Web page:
Ebola nurse 'could remain critical'
British nurse Pauline Cafferkey, who is being treated in a London hospital after contracting Ebola in Sierra Leone, could remain in a critical condition for "some time", her family has said.
Relatives said in a statement: "We would like to thank all our friends, family and the members of the public who have contacted us with support following Pauline's diagnosis with Ebola. We have been very touched by the kind words.
"Pauline continues to be in a critical condition at the Royal Free Hospital. We want to thank all the staff caring for her for their kindness, support and compassion. Pauline's condition could remain the same for some time and we would again ask for her and our privacy to be respected."
Ms Cafferkey was diagnosed with Ebola following her return to Glasgow from Sierra Leone where she had been a volunteer with Save the Children at the Ebola Treatment Centre in Kerry Town.
Officials from Public Health England and Health Protection Scotland are reviewing the UK's screening procedures for Ebola after it emerged Ms Cafferkey, 39, had been cleared to fly from London to Glasgow despite her temperature being checked seven times after she landed at Heathrow.
The nurse from Cambuslang was admitted to an isolation facility at Glasgow's Gartnavel Hospital on December 29.
After a blood sample tested positive for Ebola, she was transferred by military plane to the Royal Free Hospital the following day. Her condition deteriorated in the new year and remains critical.
Save the Children has launched an investigation into how she was infected but admits it may never establish the exact circumstances.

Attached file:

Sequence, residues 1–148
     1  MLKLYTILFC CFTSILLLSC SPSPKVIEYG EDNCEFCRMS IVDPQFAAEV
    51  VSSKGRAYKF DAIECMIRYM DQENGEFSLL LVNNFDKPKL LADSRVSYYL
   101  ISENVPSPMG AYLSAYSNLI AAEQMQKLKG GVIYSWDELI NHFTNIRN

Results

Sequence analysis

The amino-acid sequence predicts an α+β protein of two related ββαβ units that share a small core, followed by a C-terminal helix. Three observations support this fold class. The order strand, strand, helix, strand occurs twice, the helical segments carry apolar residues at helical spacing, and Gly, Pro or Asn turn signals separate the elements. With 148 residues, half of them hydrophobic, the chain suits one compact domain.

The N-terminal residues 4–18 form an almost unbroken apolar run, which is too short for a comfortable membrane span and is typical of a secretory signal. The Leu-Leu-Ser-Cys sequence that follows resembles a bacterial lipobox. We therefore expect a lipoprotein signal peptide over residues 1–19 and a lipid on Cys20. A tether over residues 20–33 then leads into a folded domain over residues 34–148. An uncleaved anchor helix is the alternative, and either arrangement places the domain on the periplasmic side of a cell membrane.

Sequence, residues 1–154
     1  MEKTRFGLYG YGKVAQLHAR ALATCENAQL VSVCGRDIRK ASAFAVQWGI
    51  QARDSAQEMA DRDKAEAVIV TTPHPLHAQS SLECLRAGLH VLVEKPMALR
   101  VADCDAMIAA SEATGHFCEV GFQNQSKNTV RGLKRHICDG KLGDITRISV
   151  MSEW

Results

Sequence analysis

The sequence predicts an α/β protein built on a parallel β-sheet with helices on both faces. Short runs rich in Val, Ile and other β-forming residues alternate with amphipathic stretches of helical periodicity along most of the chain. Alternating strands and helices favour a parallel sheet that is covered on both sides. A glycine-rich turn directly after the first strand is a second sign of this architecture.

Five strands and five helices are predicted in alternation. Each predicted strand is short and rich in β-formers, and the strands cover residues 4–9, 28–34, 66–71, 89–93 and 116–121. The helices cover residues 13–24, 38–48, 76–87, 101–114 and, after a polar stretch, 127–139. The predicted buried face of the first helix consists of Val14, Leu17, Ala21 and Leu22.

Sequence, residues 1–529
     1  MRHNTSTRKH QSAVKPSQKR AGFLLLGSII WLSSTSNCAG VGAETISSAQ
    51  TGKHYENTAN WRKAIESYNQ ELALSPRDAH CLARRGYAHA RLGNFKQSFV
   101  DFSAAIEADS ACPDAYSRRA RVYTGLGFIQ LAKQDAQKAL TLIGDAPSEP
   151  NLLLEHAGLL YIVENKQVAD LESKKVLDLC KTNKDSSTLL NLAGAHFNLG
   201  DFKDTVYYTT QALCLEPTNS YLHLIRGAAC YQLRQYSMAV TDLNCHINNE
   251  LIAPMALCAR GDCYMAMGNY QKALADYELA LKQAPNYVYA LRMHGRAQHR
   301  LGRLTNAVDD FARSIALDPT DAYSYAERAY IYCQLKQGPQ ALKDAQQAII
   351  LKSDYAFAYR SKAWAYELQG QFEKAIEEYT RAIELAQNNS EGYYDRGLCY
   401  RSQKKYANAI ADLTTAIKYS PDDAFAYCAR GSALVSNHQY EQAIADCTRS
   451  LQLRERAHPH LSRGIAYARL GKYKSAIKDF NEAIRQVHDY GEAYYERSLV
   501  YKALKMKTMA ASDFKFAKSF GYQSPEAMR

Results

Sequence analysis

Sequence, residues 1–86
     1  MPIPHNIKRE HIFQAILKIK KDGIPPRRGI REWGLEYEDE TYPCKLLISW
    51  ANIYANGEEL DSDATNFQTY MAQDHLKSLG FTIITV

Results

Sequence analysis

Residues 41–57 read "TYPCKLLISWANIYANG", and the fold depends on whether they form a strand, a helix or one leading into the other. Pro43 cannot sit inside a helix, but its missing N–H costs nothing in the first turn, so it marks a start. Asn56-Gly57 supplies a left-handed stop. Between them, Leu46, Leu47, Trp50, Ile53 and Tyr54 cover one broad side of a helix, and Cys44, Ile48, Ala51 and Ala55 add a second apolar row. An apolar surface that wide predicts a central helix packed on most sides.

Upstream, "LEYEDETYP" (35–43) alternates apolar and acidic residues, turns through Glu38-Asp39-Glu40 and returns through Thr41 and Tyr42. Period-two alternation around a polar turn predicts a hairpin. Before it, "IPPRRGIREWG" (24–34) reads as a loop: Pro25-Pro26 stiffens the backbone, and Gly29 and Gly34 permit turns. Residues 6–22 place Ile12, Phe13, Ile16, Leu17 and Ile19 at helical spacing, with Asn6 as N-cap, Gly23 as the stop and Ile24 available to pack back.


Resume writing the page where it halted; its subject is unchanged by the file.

Health Secretary Jeremy Hunt said Ms Cafferkey " continues to receive the best possible care".
Ms Cafferkey's diagnosis has brought fresh scrutiny on the UK's preparedness for cases of Ebola, which can only be contracted by coming into contact with the bodily fluids of an infected person.
The nurse was allowed to travel on to Glasgow from London despite raising concerns about her health at Heathrow.
Previously, any possible Ebola carriers were advised to avoid crowded places and long journeys on public transport within the 21-day potential incubation period once they arrived back in the UK.
Mr Hunt said the guidance has since been strengthened to ensure anyone from a high-risk group who feels unwell is reassessed and advice will be sought immediately from an infectious diseases specialist.
He told the Commons on Monday that screening arrangements at Heathrow had been found to be working well and will be kept under review.
UK-based passengers on the flight Mrs Cafferkey was on from Casablanca, Morocco, to Heathrow and those on the flight from London to Glasgow have been contacted, he said.
Scotland's First Minister Nicola Sturgeon has hailed the ''quiet heroism'' of the nurse and others who "make all of us safer by placing themselves at risk".
She told MSPs: ''I hope there are no other cases identified in Scotland or the UK but it is likely we will see other cases, a small number of additional cases, and we need to keep learning from the experience of dealing with them.''